In this paper, we use a choice experiment to examine Chinese outbound tourist preferences for U.S. agritourism. Our objective was to determine Chinese tourists’ tastes for potential tour package attributes. In the experiment, subjects indicated their preference between a pair of tourism packages and a would-not-purchase (no-trip) alternative. Both tourism packages featured attributes related to local foods, local sites, tour length, accommodations, and prices in the U.S. state of Oklahoma. Oklahoma provides an ideal agritourism setting because the state lies in the center of the country and has a modest agritourism industry with limited experience with international tourists [12]. Among U.S. states, Oklahoma has the smallest market share of international visitors [13]. The state is therefore a largely untapped market for international agritourists. Nevertheless, the state has the potential to support tourists through an extensive agriculture industry; in 2015, there were 86,600 farms in Oklahoma, covering 78% of total area [14,15,16]. Furthermore, Oklahoma’s local agritourism opportunities could be attractive to Chinese travelers especially now that agricultural tours have become popular in China [17]. Youxoue et al. [18] reports that China’s agritourism market is expanding faster than China’s domestic tourism market and that, by 2014, the number of Chinese agritourists were four times more than those in 2010. Mander [19] further indicates an increase in the number of Chinese tourists that prefer agritourism, with about 2.5 billion visiting agritourism sites in China in 2017. Currently, no Chinese travel agencies provide tour routes in Oklahoma [20].
The goal of our research is to better understand international tourists’ preferences for U.S. agritourism destinations, the value Chinese outbound tourists specifically have for Oklahoma tour packages, and potential differences across tourists’ willingness to pay for specific tour attributes. In studying these issues, we offer several contributions to the literature on agritourism. First, there is growing recognition that consumer preferences are important in understanding the industry [21], and our research focuses specifically on measuring these preferences. In contrast, prior research on agritourism has tended to focus on producers’ motivations to enter the market and their product choice [3,22,23,24,25,26,27]. Second, we estimate the willingness to pay of Chinese outbound agritourists. While there exists a growing literature on willingness to pay for agritourism destinations (e.g., References [17,21,25,26,28,29,30,31,32]), to our knowledge, no studies have used a choice experiment to elicit Chinese tourists’ preferences for U.S. agritourism destinations. Filling this gap in the literature is important as Chinese tourists are potentially major consumers of U.S. agritourism products. Third, this study’s findings provide insights into the feasibility of marketing tour packages composed of U.S. agricultural and rural destinations to potential Chinese tourists. These insights fill a critical knowledge gap in the sustainability of international tourism flows into the U.S. agritourism industry.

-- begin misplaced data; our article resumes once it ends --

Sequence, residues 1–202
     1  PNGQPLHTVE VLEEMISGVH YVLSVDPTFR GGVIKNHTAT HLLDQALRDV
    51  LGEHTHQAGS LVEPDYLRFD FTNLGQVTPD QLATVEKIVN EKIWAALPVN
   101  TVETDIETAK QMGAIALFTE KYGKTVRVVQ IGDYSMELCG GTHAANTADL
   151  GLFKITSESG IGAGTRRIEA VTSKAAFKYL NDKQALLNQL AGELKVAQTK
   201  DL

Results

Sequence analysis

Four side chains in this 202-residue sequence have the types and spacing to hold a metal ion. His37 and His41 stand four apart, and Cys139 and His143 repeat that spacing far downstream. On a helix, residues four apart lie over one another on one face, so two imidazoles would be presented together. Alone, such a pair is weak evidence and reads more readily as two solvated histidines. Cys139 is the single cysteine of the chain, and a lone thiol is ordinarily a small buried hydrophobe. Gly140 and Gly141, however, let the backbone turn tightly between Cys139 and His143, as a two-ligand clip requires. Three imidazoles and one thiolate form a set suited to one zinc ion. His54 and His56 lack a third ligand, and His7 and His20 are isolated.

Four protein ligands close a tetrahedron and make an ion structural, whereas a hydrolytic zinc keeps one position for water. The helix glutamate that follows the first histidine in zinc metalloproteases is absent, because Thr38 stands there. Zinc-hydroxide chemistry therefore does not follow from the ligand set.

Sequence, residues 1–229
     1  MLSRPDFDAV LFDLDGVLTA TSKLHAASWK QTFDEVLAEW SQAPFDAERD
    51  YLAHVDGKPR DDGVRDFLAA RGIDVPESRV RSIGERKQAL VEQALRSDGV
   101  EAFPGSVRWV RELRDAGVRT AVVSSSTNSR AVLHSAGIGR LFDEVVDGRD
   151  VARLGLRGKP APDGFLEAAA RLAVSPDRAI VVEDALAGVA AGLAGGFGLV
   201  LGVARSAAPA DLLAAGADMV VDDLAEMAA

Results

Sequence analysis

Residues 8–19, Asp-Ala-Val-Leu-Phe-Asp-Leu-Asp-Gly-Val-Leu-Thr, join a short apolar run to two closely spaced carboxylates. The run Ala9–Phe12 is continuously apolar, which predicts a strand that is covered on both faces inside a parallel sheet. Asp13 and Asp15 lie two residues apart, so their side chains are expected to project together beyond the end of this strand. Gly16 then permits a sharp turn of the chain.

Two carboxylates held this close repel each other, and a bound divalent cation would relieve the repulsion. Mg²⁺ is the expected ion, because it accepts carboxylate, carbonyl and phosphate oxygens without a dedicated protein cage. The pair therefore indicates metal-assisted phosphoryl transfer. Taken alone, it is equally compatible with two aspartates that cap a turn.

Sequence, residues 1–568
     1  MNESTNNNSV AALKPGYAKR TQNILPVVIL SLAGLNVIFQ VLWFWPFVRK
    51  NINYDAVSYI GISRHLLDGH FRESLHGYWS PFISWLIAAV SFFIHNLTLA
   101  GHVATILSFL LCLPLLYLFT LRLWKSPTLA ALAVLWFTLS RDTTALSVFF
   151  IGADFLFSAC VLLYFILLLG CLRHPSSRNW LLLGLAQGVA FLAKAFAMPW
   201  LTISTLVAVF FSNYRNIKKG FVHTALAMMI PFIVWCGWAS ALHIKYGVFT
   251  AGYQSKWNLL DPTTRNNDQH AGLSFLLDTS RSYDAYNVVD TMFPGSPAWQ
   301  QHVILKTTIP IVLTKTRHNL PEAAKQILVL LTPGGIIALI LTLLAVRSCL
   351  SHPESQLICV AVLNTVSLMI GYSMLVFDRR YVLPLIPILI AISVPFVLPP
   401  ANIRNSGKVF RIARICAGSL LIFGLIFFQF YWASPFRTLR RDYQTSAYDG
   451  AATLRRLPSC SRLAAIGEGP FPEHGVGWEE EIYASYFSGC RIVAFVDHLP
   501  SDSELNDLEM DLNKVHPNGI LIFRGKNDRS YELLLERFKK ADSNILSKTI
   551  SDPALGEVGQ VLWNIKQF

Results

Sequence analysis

2. Data

Survey Design

Primary survey data were collected in 2017, through a survey that was designed in Qualtrics and administered through the internet. After the survey was approved by Oklahoma State University Institutional Review Board (IRB) on September 27, 2017 (IRB Application # AG1752), we worked with Beijing FangNuoJinLong to deliver it to sample of potential Chinese tourists. Beijing FangNuoJinLong is a travel agency that owns an online database of customers who would be potential future outbound agritourists. Although this sample is not representative of the Chinese population as a whole, it is likely to be representative of individuals who are interested and can afford an international tour. We offered subjects an incentive to complete the survey in the form of discount points on a future travel package through Beijing FangNuoJinLong. The points were given to respondents after the conclusion of the survey.